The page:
Who Is Mistral Dawn?
Mistral Dawn is a thirty-something gal who has lived on both coasts of the US but somehow never in the middle. She currently resides in the Southeast US with her kitty cats (please spay or neuter! :-)) where she works as a hospital drudge and attends graduate school. Taken By The Huntsman is her first effort at writing fiction and if it is well received she has ideas for several more novels and short-stories in this series. Please feel free to visit her on FaceBook or drop her a line at email@example.com
- Taken By The Huntsman
- Bound By The Summer Prince
- Intrigue In The Summer Court
- Captivated By The Winter King
- ***How To Get An Interview On My Blog
- #Interviews I've Conducted
- My Random Musings
- June 2015 Positivity Blog Tour Posts! :-)
- #Books I've #Reviewed! :-)
- Petri Dish Chronicles
- Gems Of Strength Anthology
- Thoth's Journal
Tuesday, June 21, 2016
Can You #Cope?
Hey Everyone!! :-)
As I've mentioned before, a year ago, four fantastic authors--Savannah Morgan, Susan Ricci, Julie Nicholls, and Barbara Chioffi--and I got together and wrote a month's worth of positive blog posts. It was a wonderful experience and I thought that this June would be a good opportunity to go back and give my perspective after a year's time on some of what we wrote. Today, I'm going to talk about a post written by Savannah Morgan, Positivity Blog Tour......When in doubt, Dance it out. It's a great post, and I'd suggest you take a look at it and read it in full, but what struck me about it was the way people deal with negative feelings.
If you look around at the world, you can find a lot of examples of times people took their negative emotions and did something less than constructive with them. We can probably all identify with violent impulses at times, but I don't think those are the people we should strive to emulate, do you? I mean we all bleed at times, and sometimes it hurts the most when the blood doesn't show, but part of being a grown-up is learning how to deal with that without making others bleed as well.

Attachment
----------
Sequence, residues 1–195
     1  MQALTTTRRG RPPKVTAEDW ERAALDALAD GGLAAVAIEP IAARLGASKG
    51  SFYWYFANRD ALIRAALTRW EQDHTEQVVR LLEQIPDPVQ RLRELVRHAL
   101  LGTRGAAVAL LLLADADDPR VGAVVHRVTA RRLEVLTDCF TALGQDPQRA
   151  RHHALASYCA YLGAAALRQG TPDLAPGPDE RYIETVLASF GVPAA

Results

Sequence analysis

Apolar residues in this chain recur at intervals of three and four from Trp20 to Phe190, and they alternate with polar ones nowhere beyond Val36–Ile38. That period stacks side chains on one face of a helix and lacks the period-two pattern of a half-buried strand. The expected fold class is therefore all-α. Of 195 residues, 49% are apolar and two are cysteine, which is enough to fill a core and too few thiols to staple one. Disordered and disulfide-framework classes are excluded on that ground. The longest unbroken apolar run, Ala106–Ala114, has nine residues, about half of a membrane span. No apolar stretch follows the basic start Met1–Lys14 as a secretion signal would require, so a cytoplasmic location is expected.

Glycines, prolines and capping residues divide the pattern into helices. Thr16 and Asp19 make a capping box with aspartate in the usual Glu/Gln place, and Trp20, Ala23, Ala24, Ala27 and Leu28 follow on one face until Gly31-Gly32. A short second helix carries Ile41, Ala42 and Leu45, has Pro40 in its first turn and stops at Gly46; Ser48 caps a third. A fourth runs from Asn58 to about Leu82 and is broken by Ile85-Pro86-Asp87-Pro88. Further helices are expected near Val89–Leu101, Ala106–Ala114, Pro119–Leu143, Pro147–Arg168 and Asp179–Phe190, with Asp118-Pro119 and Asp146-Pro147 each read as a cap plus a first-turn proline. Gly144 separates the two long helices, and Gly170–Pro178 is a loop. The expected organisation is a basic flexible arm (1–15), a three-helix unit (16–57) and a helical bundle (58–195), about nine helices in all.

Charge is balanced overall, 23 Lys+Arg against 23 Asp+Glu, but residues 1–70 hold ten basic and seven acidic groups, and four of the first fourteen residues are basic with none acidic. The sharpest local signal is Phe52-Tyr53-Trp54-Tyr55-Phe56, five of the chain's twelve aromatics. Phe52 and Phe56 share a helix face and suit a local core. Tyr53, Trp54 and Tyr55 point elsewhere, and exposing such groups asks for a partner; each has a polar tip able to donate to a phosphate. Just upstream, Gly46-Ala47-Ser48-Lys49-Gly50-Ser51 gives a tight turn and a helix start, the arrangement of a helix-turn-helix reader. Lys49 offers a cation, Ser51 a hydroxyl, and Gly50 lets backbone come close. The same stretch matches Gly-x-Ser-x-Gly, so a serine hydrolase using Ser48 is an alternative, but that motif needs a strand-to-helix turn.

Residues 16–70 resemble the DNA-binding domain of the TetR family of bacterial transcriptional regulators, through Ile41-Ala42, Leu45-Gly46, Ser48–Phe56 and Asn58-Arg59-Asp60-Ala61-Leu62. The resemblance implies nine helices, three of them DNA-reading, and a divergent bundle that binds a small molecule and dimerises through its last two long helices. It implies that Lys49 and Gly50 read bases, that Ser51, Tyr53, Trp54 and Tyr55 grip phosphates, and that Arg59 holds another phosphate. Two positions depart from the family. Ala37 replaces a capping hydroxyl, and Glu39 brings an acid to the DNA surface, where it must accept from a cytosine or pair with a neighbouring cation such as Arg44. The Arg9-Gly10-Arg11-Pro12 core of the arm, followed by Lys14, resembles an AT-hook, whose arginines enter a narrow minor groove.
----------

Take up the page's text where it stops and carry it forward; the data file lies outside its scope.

In her post, Savannah talks about using dance to make herself feel better. She uses a fun way to get her heart pumping and her muscles working. There's loads of evidence that exercise helps people feel better and improve their mood, so that seems like a fantastic idea to me.
But not everyone is physically capable of dancing, and some people can't motivate themselves from the furies or the doldrums to dancing in one step. So, I've thought about other coping strategies that I've used and heard of, and I thought I'd share some of them with you.
One coping strategy I've always admired, but never had any talent for, is drawing and painting. But I can, and do, look at art that others have created, and some of it seems to be a perfect visual representation of what's going on in my head at that moment. If you like to look at art when you need a boost, I'd love it if you left the names of your favorite pieces in the comments.
Another good outlet is poetry and writing. While I'm not much of a poet, I do often write my thoughts and feelings out on paper. It's a good way to organize what's in my head and get a better look at it. Sometimes, it also lets me see a problem in the background that I hadn't realized was there, which is causing the problems I was aware of. And it's always cathartic to make my problems go up in smoke by burning the paper.
Of course, there's also the old standby of talking with a friend. Sometimes just a few minutes of conversation with another person can give you a lift like nothing else. Bonus points if that person will help you think of devious and vindictive ways to solve your problems...even though you know those plans can never come to fruition.
Snuggling up with a good book or favorite movie, your favorite food or beverage, a pet, and a comfort item is also a great way to relax and help get things back in perspective. Sometimes a mini escape is better than any medicine. And who doesn't love a good snuggle? ;-)
For those who are physically capable, but not quite up to dancing, I've also found housework can be cathartic, especially if you pick tasks that are physically demanding. That whole exercise thing again. Plus you get a clean house.
Maybe none of these ideas work for you, maybe all of them do. But one thing I think we can all agree on is that finding an effective, non-violent coping strategy, no matter what it might be, can be a lifeline when things get tough. So here's to all you lovely people who routinely find ways to spit in the eye of your troubles and keep a smile on your face! Strength comes in many forms, and I think yours may be one of the most profound. Now, please excuse me while I go find my blanky. ;-)